If you missed the previous post, Vivian’s school had their 7th Annual Tea Party.  The Town Talk published the article today.  I was even quoted…and they got it right!  Imagine that!

Reposted from the Town Talk’s website:

While fast food is all too common for many working families, some local schools are taking the time to teach children that table manners are more than an old tradition.

“We live in such a fast-paced world, but for us” it’s important to be able to teach children to sit down at a table and learn “about grace, courtesy and manners,” Rosenthal Montessori Elementary Principal Deborah Whatley said as she walked to the school gym, where the school’s annual tea party was about to begin.

The party, which featured Rapides Parish School District Superintendent Gary Jones reading for the children, celebrated the culmination of the kindergartners’ and pre-kindergarten pupils’ etiquette skills learned throughout the year.

Dressed for the occasion, some of the pupils, including Cory Gallow, Reese Weeks and Ashantianna Sanders, wore their best outfits to the event.

Some boys sported executive suits, and girls wore colorful dresses and hats, while parents snapped photos and videos to capture the moment.

“Put your hands in your lap first,” said Ashantianna before she picked up her tiny tea cup delicately and sipped some of her tea.

Throughout the year during snack time, the pupils were taught how to serve someone and how to be served while remembering grace, courtesy and engaging in proper dialogue, Whatley said.

Other local schools hosting tea parties last week included Alma Redwine Elementary and Ball Elementary schools.

“Would you like some more tea?” asked a teacher at one of the properly decorated tables where four children mingled.

“Yes, ma’am,” Reese said with a smile, adding that he also was celebrating his sixth birthday.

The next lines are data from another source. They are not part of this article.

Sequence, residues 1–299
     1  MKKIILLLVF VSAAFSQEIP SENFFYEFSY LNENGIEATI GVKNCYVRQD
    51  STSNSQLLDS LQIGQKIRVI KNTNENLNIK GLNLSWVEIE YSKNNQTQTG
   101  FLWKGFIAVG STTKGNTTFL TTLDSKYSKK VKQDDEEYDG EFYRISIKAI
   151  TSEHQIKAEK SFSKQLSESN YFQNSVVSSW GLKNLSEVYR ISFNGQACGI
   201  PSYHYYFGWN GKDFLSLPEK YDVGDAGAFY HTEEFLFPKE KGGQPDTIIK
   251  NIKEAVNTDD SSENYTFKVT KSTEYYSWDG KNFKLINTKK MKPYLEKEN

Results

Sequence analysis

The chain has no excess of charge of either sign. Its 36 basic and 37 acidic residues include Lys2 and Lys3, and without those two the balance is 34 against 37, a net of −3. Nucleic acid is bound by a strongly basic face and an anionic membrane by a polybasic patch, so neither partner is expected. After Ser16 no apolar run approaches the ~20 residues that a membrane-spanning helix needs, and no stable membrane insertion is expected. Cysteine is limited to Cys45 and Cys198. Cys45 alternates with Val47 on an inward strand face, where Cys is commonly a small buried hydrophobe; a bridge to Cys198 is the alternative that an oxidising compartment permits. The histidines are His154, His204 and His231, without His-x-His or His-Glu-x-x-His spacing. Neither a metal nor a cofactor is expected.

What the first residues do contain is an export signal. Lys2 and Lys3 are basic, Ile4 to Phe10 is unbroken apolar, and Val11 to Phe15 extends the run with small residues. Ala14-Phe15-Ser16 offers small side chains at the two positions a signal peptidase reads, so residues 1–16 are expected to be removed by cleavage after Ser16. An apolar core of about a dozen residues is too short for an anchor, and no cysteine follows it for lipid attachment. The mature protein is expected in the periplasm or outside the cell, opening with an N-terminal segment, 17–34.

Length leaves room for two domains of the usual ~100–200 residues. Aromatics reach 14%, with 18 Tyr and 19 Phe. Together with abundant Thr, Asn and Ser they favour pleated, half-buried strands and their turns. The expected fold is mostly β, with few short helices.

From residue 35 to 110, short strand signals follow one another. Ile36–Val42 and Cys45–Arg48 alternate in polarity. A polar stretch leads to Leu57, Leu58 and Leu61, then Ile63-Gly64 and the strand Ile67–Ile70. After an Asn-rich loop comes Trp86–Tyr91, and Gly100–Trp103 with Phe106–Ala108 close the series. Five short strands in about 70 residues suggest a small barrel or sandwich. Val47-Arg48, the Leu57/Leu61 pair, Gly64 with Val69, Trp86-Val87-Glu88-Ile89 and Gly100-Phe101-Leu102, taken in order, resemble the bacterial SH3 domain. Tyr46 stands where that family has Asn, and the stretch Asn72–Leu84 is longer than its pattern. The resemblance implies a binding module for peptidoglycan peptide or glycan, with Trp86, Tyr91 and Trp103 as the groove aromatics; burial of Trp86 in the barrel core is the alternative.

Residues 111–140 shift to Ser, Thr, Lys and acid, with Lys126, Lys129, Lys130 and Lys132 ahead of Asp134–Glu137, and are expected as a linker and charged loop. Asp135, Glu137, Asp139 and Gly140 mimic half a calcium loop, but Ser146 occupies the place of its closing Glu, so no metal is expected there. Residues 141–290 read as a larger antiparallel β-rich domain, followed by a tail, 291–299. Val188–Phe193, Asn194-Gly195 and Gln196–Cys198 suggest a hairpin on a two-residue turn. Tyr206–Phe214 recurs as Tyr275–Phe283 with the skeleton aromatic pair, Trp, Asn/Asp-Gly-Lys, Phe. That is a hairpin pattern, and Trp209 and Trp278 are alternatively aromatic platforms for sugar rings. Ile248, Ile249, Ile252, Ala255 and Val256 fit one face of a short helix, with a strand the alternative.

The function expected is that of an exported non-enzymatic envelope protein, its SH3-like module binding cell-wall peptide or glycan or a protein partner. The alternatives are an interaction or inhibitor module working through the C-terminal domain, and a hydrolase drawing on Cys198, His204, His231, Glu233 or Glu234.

Some of the parents attending the event, including Ann Stubbs, Sherrie Credeur and Andrea Warren, looked upon their children with smiles. They said they were pleased to see the school’s focus on life skills.

“That’s what I love about the Montessori system,” said Warren. “They teach manners, politeness and socialization skills. That’s very important,”

She said that her daughter, Vivian Warren, puts her skills to the test everywhere she eats.

Stubbs said it’s rewarding to see her son, Ryan Stubbs, learning about etiquette. It also reinforces what she has tried to teach her children about enjoying family dinners.

“Even if it’s six o’clock, or sometimes it’s eight o’clock, in our home at least one parent eats with the children. We always try to eat together. That’s when you find out what happened in their day,”  Stubbs said.

Oberia Price: Preservation Queen

Oberia Price at the recent Peggy Bolton Lecture Series

Oberia Price at the recent Peggy Bolton Lecture Series

A letter from the President of the Historical Association of Central Louisiana:

Dear HACL Member:
It is with heavy heart that I inform you that our past HACL President and longstanding board member has passed away at 4 a.m. today.
Oberia, as you all know, was a workhorse in preservation and for years, she undertook projects such as the Military Museum, Fort Randolph, the Peggy Bolton Lecture Series and many others.  Her attention to detail and her drive for perfection marked everything that she touched. 
We will miss her greatly.   A person of that caliber cannot be replaced.  Please watch your paper for the arrangements.  HACL will be responding appropriately in this great loss.  Remember the family in your prayers.
Kindest Regards.
Charles K. Charrier
President, HACL